Protesters Block International Tunnel Near Debate to Challenge Bipartisan Immigration Policy

Demonstrators briefly shut down a major thoroughfare between the U.S. and Canada near the site of the Democratic debate on Wednesday in protest of the country's immigration policies and the separation of migrant children from their parents.

A spokesperson for the immigrant rights group Cosecha, which organized the protest, told Newsweek that 21 people had been arrested. Detroit police did not immediately comment.

The protest, which took place in front of the Detroit-Windsor tunnel, was the latest action organized by migrant rights group Cosecha to publicly raise objections with U.S. immigration policy. The activists were quickly arrested after sitting down to prevent access to the tunnel, which more than 1.4 million vehicles traveled on last year, according to the U.S. Department of Transportation.

Last month, The Detroit Free Press reported that immigrants in Michigan are arrested by ICE at the 2nd-highest rate in the country with at least 100,000 undocumented individuals, citing statistics compiled by Syracuse University's Transactional Records Access Clearinghouse. The compilation reviewed arrests from the start of the 2017 fiscal year until May 2018, and found that 1,498 immigrants had been arrested.

BREAKING: 21 protestors just arrested outside the #DemDebate in Detroit blocking the international tunnel to Canada.

They are demanding presidential candidates address the decades-long crisis for undocumented immigrants and commit to ending all detention & deportation on day 1.

— Movimiento Cosecha (@CosechaMovement) July 31, 2019

A press release sent to Newsweek said that the activists were "demanding 2020 hopefuls recognize the daily crisis of family separation and deportation that immigrants in Detroit are facing."

The demonstrators challenged Democrats, who they say have participated in constructing problematic immigration policy long before Trump took office.

"Nearly every candidate has spoken out against the abuses immigrants are facing under the Trump Administration, but simply undoing the policies enacted by Trump is not enough," Brenda Valladares, a spokesperson for Cosecha, said in the press release. "For decades the Democratic party was complicit in a bipartisan attack on the immigrant community: While Republicans fanned the flames of white supremacy with their anti-immigrant rhetoric, President [Barack] Obama campaigned on the promise of immigration reform but ended up deporting almost 3 million people - a record in our country's history."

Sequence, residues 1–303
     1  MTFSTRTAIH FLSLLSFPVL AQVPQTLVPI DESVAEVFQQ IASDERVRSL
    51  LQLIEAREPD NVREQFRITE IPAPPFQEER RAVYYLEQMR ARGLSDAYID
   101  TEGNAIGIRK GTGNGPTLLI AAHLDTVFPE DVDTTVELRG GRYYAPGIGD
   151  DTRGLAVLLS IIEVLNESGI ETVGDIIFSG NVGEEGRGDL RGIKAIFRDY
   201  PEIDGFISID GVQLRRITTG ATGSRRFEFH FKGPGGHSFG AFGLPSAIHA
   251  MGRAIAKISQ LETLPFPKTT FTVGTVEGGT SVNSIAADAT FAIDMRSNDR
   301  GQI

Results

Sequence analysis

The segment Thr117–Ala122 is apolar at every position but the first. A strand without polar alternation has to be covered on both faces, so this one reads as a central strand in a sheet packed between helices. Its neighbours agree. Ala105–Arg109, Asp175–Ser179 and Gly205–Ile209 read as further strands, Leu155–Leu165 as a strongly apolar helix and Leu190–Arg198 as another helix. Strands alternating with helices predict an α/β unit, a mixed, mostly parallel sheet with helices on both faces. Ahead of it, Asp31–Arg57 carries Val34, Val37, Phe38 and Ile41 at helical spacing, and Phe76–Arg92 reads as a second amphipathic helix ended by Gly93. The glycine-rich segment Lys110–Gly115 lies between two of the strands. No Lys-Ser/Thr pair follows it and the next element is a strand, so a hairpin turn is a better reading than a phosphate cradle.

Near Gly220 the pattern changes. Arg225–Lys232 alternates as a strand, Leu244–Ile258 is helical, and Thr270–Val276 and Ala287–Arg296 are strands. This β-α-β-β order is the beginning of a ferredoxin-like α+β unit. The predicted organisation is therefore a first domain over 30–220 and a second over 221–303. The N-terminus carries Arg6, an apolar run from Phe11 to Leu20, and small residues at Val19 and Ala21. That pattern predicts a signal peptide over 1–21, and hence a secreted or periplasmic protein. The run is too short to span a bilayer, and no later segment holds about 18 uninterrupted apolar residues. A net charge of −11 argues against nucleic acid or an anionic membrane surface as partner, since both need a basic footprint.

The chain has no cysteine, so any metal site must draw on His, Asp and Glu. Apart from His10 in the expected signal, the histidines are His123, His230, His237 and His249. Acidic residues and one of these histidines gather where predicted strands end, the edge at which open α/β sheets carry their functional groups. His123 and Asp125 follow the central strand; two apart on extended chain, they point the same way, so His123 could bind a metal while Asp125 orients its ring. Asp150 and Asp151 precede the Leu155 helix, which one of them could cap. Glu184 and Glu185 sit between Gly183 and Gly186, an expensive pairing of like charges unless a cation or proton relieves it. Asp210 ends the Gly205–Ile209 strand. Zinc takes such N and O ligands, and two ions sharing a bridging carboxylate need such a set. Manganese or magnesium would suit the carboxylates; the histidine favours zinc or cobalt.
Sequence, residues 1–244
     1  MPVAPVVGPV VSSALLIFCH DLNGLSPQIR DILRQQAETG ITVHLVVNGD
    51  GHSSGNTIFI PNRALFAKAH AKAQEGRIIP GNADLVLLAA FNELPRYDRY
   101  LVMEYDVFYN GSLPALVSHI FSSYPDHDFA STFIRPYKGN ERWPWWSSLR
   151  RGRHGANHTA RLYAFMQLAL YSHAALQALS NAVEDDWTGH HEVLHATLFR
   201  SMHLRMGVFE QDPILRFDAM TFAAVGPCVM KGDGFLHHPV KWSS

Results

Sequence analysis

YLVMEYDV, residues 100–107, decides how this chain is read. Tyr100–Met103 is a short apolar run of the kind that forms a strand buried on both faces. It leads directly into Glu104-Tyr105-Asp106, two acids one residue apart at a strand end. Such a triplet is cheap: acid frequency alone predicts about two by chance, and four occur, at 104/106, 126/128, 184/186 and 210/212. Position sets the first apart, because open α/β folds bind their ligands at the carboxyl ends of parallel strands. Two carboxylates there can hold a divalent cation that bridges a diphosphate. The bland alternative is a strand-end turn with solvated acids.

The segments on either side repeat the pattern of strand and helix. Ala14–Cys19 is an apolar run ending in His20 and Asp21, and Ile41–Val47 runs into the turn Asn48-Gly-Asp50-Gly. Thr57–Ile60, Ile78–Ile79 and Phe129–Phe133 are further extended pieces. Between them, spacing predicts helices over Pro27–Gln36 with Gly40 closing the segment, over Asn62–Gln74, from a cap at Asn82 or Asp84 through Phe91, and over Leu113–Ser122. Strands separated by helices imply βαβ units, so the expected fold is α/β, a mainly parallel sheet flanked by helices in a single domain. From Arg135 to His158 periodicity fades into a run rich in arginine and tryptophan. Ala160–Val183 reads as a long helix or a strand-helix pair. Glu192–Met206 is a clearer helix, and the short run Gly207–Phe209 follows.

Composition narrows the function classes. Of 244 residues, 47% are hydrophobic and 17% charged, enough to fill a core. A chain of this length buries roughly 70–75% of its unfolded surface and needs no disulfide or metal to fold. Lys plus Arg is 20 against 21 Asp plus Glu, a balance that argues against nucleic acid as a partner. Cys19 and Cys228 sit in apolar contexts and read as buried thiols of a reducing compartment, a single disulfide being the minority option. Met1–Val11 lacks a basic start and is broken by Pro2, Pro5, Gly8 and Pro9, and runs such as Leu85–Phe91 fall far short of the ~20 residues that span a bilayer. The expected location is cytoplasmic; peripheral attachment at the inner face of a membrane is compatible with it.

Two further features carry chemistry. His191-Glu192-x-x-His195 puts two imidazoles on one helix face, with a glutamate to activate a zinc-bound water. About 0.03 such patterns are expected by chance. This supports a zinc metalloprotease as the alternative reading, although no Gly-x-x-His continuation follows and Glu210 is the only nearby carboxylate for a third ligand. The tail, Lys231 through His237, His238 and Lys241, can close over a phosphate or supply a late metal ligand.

Cosecha activists rolled out their "Dignity 2020 campaign" earlier this month, calling for the Democratic candidate to end all detention and deportation of immigrants, legalize the 11 million undocumented immigrants already in the country and commit to family reunification for individuals separated by detention and deportation.

Cosecha organizers have worked with Jewish activists to organize a series of protests at ICE facilities drawing historical parallels between the conditions of migrants in shelters and Jews during the Holocaust. Calling for ICE to be abolished, the attendees of these events have blocked access to ICE facilities in New Jersey and Boston and reportedly triggered a "lockdown condition" at the ICE headquarters in Washington, D.C. Earlier this month, Cosecha activists also protested in former Vice President Joe Biden's Philadelphia campaign headquarters calling for him to apologize for the immigration policy of the Obama administration.

Axios reported last month that, despite Trump's harsh often dehumanizing stance and incendiary rhetoric about immigrants, ICE has deported fewer immigrants each year than it did during the 2009-2011 fiscal years.

Last month, reports of unsanitary conditions in detention facilities renewed widespread outrage among the public. Recent news articles noted flu and lice have gone untreated. The DHS inspector general's report, released earlier this month, said that children were living in overcrowded cells, did not have always have access to showers and, in some facilities, had not been given a hot meal.

Federal court documents filed Tuesday showed that 900 migrant children at the southern border had been separated from their families in the year since Trump officially stopped the policy. Earlier this month, acting Homeland Security secretary Kevin McAleenan said that separations were "rare."

"It is encouraging to see that some candidates are beginning to respond to the public outrage against deportation, detention and family separation with calls to decriminalize migration," Carlos Rojas, a Cosecha organizer, told Newsweek. But "none of of the candidates have gone far enough in addressing the daily crisis undocumented families are experiencing with the urgency it demands."

Protesters hold signs during a demonstration outside of the San Francisco office of the Immigration and Customs Enforcement (ICE) on July in San Francisco, California. Justin Sullivan/Getty Images